Noise Theory in an Election Year

What is human communication?  I recently began developing my own theory.  The Shannon-Weaver model of communication: sender, encoder, channel, decoder, receiver, and noise is the simplest form of communication and serves as launching point for my own professional theory.

The recent presidential election illustrates my theory that Noise does not only affect the path we use to communicate, it effects the intention, perception, existing bias, and stated bias.  We had two candidates (senders) on the campaign trail sending messages (information) to citizens (receivers).  They communicated their information at rally’s, televised debates, and social media.  Whether backing the democratic nominee, republican nominee, or third party candidates we can make a choice on who we will vote for.

I found myself getting upset, railing at the perceived ignorance of people who do not check on the credibility of those they decide to back.  Then, SMACK, it hit me.  I was making assumptions based on my point of view and perspective.  I assumed the reasons people voted for candidates was blind faith, not the cry for change, the cry for status quo, or any other reasons guiding them.  Assumptions I made based on the noise of my experience.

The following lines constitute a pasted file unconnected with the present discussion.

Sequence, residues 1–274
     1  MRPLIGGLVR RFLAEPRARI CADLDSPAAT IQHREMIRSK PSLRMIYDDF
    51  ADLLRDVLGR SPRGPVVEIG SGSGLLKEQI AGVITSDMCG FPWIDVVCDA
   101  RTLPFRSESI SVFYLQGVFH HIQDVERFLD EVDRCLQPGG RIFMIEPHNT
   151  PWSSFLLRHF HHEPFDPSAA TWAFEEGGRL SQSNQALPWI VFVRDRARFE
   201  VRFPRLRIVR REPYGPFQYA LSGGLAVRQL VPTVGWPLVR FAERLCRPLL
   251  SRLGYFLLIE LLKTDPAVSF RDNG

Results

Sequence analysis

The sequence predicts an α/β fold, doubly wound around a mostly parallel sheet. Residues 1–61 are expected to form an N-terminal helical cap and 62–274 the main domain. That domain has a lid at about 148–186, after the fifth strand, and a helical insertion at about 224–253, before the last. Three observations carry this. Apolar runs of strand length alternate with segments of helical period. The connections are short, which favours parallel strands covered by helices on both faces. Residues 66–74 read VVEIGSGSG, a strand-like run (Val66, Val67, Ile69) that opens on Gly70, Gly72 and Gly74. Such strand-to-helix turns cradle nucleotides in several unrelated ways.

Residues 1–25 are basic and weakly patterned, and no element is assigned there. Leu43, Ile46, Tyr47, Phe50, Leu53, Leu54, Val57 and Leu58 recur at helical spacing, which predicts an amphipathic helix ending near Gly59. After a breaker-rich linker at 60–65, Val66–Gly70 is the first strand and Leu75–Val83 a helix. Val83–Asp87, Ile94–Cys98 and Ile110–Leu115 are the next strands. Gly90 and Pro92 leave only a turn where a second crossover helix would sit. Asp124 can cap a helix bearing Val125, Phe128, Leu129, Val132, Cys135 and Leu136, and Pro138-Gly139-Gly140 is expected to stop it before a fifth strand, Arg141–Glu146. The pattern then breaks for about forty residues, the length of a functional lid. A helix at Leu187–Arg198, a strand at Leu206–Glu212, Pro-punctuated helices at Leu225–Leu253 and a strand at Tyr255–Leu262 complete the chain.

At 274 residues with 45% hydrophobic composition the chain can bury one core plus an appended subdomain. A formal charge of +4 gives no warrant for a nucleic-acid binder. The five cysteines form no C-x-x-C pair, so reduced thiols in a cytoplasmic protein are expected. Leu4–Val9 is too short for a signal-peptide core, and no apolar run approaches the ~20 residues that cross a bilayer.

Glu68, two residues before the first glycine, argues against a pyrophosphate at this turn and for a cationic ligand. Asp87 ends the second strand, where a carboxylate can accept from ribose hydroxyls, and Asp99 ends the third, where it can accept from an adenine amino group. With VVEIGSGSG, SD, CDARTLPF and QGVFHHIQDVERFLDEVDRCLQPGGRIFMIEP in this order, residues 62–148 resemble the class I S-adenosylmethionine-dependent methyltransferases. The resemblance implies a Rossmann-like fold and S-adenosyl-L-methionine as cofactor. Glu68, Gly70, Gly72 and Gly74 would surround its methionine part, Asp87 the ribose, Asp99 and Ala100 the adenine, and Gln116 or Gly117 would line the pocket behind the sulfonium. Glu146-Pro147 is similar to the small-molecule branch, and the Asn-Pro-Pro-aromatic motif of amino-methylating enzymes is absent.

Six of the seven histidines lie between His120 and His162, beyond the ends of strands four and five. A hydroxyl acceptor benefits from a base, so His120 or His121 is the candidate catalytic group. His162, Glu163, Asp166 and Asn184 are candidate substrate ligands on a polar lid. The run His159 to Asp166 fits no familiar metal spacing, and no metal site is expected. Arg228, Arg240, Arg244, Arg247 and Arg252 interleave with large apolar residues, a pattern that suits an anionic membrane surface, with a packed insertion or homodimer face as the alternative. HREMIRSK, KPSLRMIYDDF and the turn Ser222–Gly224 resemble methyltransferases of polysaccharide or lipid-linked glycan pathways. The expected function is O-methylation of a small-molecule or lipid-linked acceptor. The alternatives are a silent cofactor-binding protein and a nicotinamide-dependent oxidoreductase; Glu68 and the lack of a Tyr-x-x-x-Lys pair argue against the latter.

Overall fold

I summed up my theory with my own assumptions.  If I am the writer, speaker, or audience I bring my “noise baggage” to the communication I am involved in.  Likewise, others are part of the noise as well.  If there is a lesson to be gained from the recent presidential election, it is that there is noise all around us.  Everyone is a part of the noise due to experiences that shape us and we have a responsibility of awareness to facilitate moving forward.

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